And I'm not exactly sure of what we're talking about when we start using expressions like the "meat and bones of our being" being the "reality of the planet." It's not a bad metaphor, but it's not exactly clear what it means. It sounds like some sort of attempt to talk about being (a metaphysical concept) in some physicalist way, but unfortunately, the thought is stillborn.
Tuesday, July 19, 2016
But I notice Alan Schlemon at Stand to Reason has another post in which he gives another argument against this position. Stand to Reason appears to be a blog engaged in popular apologetics. It says it "trains Christians to think more clearly about their faith." If that is the case, then, on this issue, at least, it seems to have fallen below its own self-stated standards.
It seems to me that there has been enough intelligent Christian defense of the position that, in fact, Christians and Muslims do worship the same God in any meaningful sense that a popular apologetics blog should by now, if not have acknowledged this itself, at least have come to terms with the arguments made by people like Edward Feser, Frank Beckwith, and James Chastek. The second problem is that his arguments on the other side of this issue just aren't very good.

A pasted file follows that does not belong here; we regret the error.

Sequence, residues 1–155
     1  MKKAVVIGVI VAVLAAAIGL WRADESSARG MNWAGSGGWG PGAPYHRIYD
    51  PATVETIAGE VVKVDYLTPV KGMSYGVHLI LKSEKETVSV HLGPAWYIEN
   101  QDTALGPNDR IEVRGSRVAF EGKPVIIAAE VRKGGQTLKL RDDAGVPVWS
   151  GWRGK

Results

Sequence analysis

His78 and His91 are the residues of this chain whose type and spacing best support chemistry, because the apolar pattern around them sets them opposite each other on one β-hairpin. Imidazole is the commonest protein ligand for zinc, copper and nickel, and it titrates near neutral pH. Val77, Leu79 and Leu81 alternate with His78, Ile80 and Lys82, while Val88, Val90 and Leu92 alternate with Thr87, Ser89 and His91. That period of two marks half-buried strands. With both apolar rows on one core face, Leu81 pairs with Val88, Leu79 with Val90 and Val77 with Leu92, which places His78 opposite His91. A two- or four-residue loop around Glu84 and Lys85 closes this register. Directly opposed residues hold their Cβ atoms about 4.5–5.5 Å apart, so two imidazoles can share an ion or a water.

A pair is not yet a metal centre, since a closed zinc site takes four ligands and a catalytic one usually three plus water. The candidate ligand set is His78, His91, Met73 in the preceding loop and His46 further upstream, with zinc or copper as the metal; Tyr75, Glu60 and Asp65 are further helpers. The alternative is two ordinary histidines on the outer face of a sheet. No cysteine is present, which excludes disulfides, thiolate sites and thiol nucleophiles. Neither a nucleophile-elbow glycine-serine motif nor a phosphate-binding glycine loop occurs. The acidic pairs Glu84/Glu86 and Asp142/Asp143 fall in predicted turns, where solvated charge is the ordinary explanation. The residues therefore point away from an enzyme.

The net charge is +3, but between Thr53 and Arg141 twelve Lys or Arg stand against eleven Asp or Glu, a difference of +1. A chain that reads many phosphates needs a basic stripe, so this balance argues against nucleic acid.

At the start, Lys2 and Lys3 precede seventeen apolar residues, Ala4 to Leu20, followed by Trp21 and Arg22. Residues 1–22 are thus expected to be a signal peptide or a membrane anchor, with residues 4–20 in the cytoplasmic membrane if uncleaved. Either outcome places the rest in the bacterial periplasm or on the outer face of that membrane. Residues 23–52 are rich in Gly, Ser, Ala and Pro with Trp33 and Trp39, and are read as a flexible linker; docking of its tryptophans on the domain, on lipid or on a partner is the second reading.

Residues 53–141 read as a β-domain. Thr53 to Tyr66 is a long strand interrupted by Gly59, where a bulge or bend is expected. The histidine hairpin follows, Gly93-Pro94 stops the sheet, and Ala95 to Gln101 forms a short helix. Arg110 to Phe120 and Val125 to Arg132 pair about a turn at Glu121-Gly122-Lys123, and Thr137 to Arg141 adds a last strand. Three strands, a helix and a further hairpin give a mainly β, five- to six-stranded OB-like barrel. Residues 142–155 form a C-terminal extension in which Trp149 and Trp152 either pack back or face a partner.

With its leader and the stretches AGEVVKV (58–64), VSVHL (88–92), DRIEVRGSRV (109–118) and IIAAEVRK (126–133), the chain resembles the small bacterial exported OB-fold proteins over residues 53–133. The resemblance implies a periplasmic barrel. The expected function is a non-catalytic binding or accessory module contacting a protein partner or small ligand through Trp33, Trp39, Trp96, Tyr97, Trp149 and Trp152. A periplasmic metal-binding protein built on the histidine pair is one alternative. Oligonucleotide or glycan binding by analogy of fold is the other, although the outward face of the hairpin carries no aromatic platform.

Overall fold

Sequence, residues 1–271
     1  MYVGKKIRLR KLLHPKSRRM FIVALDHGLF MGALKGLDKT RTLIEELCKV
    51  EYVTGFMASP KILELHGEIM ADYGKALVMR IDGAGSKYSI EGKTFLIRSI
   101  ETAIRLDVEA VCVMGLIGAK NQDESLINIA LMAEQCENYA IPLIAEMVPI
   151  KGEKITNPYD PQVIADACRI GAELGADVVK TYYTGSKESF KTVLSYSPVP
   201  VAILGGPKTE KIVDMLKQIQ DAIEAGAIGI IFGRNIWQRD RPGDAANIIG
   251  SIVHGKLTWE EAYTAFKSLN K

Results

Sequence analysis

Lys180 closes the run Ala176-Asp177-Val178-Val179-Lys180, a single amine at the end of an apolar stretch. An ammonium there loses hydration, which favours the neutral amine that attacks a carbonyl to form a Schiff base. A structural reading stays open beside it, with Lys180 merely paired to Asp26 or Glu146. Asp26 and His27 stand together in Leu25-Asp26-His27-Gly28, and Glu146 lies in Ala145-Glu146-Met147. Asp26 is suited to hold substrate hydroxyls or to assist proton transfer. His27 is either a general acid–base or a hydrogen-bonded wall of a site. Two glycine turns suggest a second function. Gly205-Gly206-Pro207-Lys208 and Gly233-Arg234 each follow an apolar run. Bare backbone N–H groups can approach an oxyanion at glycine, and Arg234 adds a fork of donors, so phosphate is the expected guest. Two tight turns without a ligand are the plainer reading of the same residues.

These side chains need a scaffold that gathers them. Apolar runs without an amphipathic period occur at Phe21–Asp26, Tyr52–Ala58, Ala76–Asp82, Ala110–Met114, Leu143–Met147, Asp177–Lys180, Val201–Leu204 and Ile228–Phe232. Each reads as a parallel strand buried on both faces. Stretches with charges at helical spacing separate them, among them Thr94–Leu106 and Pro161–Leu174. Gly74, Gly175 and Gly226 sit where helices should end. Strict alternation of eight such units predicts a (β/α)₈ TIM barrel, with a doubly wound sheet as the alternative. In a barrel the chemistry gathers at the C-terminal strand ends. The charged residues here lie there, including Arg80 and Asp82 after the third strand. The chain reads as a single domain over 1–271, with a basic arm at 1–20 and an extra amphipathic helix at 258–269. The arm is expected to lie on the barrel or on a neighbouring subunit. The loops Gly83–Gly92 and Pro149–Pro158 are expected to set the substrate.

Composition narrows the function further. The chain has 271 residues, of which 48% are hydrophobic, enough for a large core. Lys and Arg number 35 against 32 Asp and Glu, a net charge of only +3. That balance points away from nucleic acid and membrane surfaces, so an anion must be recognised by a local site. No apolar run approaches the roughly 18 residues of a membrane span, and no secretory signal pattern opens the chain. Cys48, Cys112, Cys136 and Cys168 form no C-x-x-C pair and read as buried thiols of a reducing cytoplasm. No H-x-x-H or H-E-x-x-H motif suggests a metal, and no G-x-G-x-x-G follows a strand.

In an earlier post Schlemon says,
Do Christians worship Jesus as God? Yes. Do Muslims worship Jesus as God? No. Therefore, Christians and Muslims don’t worship the same God because they don’t both worship Jesus.
The first problem with this is logical. Here are the two premises:
All Christians worship Jesus as God
No Muslim worships Jesus as God